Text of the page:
"Iraqi factions wrangle over gas reserves"
In the News
September 19, 2011
Author: Justin Dargin, Former Associate, The Dubai Initiative
Belfer Center Programs or Projects: Dubai Initiative
The Iraqi cabinet has signed off on a deal with Korea Gas to develop the Akkas gas field in Anbar province in the west of the country. Akkas is a prime attraction because, unlike most of Iraq’s gas, its reserves of 3,300bn cu ft are non-associated or free gas not connected to an oilfield.
The agreement, however, has not been without its complications. Iraqi government officials first said the deal would be signed in February but it fell victim to local politics, causing Kazakhstan’s state gas company to withdraw. The governor of Anbar had demanded that a portion of the Akkas gas remain in his governorate to generate power rather than be made available for export.
Kogas now has a 75 per cent stake in the Akkas venture, up from 37.5 per cent previously, while Iraq’s state-run North Oil Company holds the remaining 25 per cent share.
“The delay was principally due to disputes between the central authorities and the provincial authorities [Anbar] over possible gas exports to Syria,” says Justin Dargin, an energy expert at Harvard University.
“A constant refrain was that local power brokers were not consulted on project specifics. Disputes were a plague on the negotiations and massive demonstrations caused numerous delays,” Mr Dargin says.
Political wrangling over Iraq’s gas reserves is such that Akkas looks uncontentious compared with some other deals.
At issue is a rich prize. Iraq is massively under-explored. The country’s proven gas reserves are estimated at 112,000bn cu ft, putting it 10th in the world, according to the US Energy Information Administration. But proven and probable reserves could be as high as 300,000bn cu ft.
In particular, Royal Dutch Shell’s massive project to capture flared gas from three of Iraq’s giant southern fields, Rumaila, West Qurna-1 and Zubair, is the subject of a battle for power between Iraq’s parliament and Hussain al-Shahristani, the former oil minister and now deputy prime minister, analysts say. Having been first agreed in 2008, the deal was initialled in July this year.
The fields flare 700m cu ft a day of gas that could otherwise be used to meet Iraq’s desperate power shortfall.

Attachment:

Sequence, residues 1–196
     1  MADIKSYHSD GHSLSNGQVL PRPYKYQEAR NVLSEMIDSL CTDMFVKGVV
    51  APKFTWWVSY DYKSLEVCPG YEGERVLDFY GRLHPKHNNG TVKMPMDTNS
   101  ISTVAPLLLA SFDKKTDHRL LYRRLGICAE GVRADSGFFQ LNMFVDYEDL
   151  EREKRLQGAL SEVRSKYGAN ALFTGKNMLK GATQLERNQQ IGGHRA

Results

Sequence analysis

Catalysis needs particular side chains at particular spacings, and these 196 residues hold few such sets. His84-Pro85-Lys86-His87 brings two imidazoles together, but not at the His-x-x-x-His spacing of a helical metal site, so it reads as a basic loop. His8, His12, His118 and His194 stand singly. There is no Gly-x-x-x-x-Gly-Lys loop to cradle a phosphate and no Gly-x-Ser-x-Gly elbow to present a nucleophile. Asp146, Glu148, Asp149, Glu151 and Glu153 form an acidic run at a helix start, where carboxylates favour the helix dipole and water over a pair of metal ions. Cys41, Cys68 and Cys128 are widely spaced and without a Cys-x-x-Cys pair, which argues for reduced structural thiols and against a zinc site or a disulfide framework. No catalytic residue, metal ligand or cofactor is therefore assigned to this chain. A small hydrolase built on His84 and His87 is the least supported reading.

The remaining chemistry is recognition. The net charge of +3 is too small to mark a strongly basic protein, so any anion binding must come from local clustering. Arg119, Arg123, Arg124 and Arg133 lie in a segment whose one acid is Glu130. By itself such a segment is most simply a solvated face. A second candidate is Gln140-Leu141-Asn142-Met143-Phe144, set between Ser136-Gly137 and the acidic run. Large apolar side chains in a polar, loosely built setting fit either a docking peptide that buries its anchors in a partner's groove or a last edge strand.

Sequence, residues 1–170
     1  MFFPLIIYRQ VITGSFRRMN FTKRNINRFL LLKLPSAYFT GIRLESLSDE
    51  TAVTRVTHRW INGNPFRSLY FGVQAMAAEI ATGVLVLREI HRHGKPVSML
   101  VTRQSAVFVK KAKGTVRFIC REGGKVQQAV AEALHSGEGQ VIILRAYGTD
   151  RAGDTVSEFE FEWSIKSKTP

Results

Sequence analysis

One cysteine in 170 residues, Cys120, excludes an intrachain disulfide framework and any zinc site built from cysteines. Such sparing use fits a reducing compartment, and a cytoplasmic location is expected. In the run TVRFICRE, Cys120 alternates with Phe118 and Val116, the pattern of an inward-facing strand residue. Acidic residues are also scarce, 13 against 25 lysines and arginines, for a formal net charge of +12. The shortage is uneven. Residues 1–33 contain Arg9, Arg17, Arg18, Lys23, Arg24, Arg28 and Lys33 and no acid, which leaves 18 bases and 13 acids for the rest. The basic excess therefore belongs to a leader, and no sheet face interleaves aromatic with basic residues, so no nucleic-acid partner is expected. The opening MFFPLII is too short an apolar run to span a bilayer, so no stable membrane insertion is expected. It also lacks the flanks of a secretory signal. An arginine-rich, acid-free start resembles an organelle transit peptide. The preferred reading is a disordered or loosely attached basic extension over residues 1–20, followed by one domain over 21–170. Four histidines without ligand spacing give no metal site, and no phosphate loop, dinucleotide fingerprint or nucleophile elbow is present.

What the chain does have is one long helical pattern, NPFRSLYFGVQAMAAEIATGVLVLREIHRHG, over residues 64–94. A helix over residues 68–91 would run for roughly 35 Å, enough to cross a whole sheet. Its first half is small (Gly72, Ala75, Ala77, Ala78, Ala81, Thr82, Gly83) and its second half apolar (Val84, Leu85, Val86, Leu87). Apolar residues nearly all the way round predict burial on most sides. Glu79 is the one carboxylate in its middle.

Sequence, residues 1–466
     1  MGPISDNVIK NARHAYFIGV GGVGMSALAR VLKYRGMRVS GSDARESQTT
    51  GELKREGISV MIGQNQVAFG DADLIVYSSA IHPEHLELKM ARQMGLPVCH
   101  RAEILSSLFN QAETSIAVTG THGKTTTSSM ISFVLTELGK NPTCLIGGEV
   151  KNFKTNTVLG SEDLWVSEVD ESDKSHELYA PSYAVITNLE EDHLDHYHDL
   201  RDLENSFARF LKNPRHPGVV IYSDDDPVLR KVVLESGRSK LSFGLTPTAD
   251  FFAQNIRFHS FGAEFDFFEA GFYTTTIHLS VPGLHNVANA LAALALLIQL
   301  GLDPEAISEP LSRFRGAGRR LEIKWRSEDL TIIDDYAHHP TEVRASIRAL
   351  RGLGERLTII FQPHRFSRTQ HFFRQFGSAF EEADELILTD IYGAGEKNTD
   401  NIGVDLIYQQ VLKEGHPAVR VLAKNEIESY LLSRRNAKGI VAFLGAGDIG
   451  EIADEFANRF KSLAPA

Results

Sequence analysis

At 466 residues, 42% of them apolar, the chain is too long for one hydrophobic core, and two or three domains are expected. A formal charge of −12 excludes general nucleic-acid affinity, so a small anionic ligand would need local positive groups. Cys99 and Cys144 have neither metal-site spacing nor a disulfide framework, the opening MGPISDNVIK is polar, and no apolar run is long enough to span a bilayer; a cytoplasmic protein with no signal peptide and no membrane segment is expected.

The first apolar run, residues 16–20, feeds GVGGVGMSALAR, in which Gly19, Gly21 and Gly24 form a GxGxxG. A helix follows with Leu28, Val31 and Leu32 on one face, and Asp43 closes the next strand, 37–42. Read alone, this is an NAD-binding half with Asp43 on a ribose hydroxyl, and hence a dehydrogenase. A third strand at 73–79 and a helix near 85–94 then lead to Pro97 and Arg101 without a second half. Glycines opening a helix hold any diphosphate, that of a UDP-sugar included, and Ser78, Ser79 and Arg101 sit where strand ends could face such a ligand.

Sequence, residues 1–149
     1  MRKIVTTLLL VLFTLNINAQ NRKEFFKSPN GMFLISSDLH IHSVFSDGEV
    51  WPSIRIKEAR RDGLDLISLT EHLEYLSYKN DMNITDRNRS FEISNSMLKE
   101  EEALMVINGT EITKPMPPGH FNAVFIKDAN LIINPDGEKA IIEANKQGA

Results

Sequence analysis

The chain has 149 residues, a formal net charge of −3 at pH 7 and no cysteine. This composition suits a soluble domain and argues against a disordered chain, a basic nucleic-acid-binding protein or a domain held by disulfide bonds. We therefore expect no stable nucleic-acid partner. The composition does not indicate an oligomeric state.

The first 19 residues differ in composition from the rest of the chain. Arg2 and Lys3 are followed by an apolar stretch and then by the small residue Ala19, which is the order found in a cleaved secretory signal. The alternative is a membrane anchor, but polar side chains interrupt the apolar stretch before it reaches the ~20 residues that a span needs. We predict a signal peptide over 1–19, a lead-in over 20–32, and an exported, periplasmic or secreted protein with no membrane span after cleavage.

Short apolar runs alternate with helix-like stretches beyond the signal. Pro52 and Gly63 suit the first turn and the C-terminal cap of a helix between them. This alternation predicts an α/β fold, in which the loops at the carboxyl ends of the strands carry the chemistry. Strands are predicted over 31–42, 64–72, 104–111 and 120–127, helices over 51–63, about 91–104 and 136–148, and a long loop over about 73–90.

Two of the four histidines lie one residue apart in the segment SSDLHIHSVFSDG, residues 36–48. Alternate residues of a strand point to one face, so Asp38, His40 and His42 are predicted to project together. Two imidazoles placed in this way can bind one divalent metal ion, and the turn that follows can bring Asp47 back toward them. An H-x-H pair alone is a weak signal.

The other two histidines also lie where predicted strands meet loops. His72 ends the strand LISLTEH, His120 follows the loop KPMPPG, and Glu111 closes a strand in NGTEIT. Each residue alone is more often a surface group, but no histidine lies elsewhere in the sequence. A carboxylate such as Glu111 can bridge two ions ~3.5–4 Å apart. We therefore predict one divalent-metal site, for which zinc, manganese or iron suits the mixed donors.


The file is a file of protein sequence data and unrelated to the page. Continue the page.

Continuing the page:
Walid Khadduri of the Middle East Economic Survey, an industry publication, says the way the contract was negotiated, although done in good faith, has raised the ire of Iraqi parliamentarians.
“The main reason is that the contract was not put out for bid – it was bilaterally negotiated with the minister himself and that is unconstitutional,” Mr Khadduri says. “If you allow one major agreement to go without bidding you are setting a precedent.”
Mr Khadduri says Mr Shahristani used Saddam-era laws to push the agreement in 2008 through because of fears that parliament and Iraq’s provincial chiefs between them would further delay the much-needed project. Iraq is still generating only 7,000MW a day, little more than at the time of the US-led invasion.
The 2005 constitution, however, gives parliament the right to review all oil and gas accords including the series of production-sharing agreements negotiated with international oil companies.
Between late 2008 and early 2010 Iraq signed long-term contracts with oil groups to develop a dozen gigantic fields in the country’s south, aiming to overtake Iran as the Opec oil cartel’s second-largest producer.
“Parliament has said this [bilateral negotiation] is no go,” Mr Khadduri says. “They [the deputies] are insisting on their rights to review the [oil and gas] agreements but I think they will approve them with very minor alterations. But they want the principles to be established that they review the agreements.”
Royal Dutch Shell had no immediate comment on the state of its flaring project in Iraq.
For other analysts, the price that Mr Shahristani negotiated is simply the one necessary to attract an international oil company to develop a large project in a country where security remains fragile at best. The price that Shell is due to receive under the terms of the agreement is related to the oil price.
Mr Dargin estimates that if the Brent oil price is approximately $100, the Iraqi side will pay slightly above $4 per million British thermal units (mmbtu) for the gas, while being forced to sell it domestically at a fixed price of $1.04/mmbtu.
“Overall, it is competitive with current US gas prices and illustrates that Middle Eastern countries, even if they drive a hard bargain, may not be able to entice investment in any other way in the natural gas sector,” says Mr Dargin.
Mr Khadduri believes that parliamentarians are focused on a new but much-delayed oil law that proposes twocompeting visions of how Iraq will manage its hydrocarbons. Iraq’s Kurdish parties, which are developing their own oil and gasfields, are insisting on a regional or federal version while Arab deputies are pushing for a centralised vision whereby all revenues accrue to the government in Baghdad.
Ordinary Iraqis also want to see the end to the flaring of gas in their country because they know it is wasteful and could be better used elsewhere.
“The priority is the oil and gas law and the deputies don’t want to waste their efforts and energy on the Shell agreement. And people want to see the gas flaring stopped,” Mr Khadduri says. “I think parliament will pass it because of the focus on the oil law, which is controversial.”
Copyright The Financial Times Limited 2011.
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